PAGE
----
2million Britons have two homes BUT property crash might put many in jeopardy


Last updated at 01:24 25 January 2008

Property for sale

More than two million

people own a second home

in Britain, official figures

revealed for the first time


They show 5 per cent of the

adult population have a family

home and at least one

other property.

The figures, compiled by the

Office for National Statistics,

show the extraordinary wealth

which is tied up in housing.

But experts said they also

highlight the risks homeowners

face if there is a property crash.

The second homes are typically

a country house for those who

live in a city, or a town house for

those living in the countryside.

A rising number own a buy-tolet

property, typically a flat in a

city centre.

Those who live in the South-

East are most likely to be among

the 2.1million with more than

one property.

Seven per cent of adults in the

region own a second home, compared

with only 3 per cent in the

North-East, North-West and the


The most common locations

for second homes include the

coasts of Norfolk and Cornwall

and Devon, all of which attract

large number of families during

the school holidays.

Another popular location is

Central London, typically for a

flat or small house used by a

working couple whose family

home is in the countryside.

A recent report by the estateagents Savills found such homebuyers

are most likely to be professionals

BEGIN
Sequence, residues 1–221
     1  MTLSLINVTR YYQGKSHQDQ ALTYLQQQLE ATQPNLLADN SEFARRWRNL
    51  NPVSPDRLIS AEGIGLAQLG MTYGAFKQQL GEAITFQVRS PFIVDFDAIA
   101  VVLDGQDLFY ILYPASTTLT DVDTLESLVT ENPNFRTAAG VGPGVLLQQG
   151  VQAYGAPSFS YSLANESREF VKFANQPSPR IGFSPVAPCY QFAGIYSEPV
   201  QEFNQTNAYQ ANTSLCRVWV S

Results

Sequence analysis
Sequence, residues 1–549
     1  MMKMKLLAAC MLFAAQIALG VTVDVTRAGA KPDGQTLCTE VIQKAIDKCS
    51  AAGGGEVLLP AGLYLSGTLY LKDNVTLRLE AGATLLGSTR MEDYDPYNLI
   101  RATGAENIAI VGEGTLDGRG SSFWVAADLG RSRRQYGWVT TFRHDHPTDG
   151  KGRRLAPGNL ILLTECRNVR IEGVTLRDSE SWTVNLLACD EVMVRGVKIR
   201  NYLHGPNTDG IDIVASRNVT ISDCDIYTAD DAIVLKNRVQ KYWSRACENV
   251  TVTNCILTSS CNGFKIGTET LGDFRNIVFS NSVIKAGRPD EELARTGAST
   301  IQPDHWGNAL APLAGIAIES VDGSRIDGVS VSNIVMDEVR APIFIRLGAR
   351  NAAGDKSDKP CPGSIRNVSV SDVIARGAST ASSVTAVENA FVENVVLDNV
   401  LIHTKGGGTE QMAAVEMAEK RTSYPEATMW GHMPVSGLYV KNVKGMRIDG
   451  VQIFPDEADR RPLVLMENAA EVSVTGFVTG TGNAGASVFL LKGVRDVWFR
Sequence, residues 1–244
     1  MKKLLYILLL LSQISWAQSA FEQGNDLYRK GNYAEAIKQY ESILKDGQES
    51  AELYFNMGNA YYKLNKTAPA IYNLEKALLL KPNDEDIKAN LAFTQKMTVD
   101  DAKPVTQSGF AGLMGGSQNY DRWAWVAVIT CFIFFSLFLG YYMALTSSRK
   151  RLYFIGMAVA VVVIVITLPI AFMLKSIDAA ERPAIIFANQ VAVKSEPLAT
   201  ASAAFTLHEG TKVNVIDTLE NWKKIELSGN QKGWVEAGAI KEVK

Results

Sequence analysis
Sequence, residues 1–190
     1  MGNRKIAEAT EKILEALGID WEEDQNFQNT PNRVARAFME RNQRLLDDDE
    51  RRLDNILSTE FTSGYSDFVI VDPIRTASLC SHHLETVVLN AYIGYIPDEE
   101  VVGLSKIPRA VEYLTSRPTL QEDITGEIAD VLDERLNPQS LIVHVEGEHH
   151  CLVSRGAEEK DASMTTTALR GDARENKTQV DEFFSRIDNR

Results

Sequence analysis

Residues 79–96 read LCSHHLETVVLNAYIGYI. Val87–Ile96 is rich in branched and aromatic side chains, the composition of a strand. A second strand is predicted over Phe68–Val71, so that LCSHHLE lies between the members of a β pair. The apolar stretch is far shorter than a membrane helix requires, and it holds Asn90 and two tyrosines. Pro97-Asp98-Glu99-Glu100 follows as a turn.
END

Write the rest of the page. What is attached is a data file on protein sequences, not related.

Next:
in their forties, such as

lawyers and doctors, or those

who work in the financial services


Others are in the fortunate

position of inheriting a home

from their parents, grandparents,

other family members or


The figures are particularly

high because if a married couple

own a second home together, the

husband and wife are counted


The ONS's Wealth and Assets

Survey also shows hundreds of

thousands own a second, or even

third, home overseas.

Two per cent of adults – nearly

850,000 – own land or property


There is likely to be significant

overlap between the differentfigures as many Britons own several

homes here and overseas.

The most common locations are

Spain, France and Florida.

The report, by the accountants

Grant Thornton and Lombard

Street Research, predicts the

number of Britons who own asecond home overseas will soar

to two million by 2025.

It reveals

two typical types of second

homeowners – pensioners who

like to spend the winter overseas

and wealthy Britons over the age

of 45.

The soaring price of property

here is the reason people can afford homes overseas. Since

1996, the price of the average

home has jumped from about

£60,000 to £180,000.

Many Britons are living in

homes worth £300,000 and are

able to buy a flat in a Spanish

apartment block on the coast for

a third of this price.

The boom in cheap flights with

no-frills airlines has also helped,

making it easy to visit a second

home in Europe for weekends,

not just longer holidays.

But the figures also highlight

homeowners' exposure to risk if

property prices plunge.

Most experts predict house

prices will be frozen this year.

But the most pessimistic forecast,

from Capital Economics, expects a fall of 5 per cent this

year followed by an 8 per cent fall

in 2009.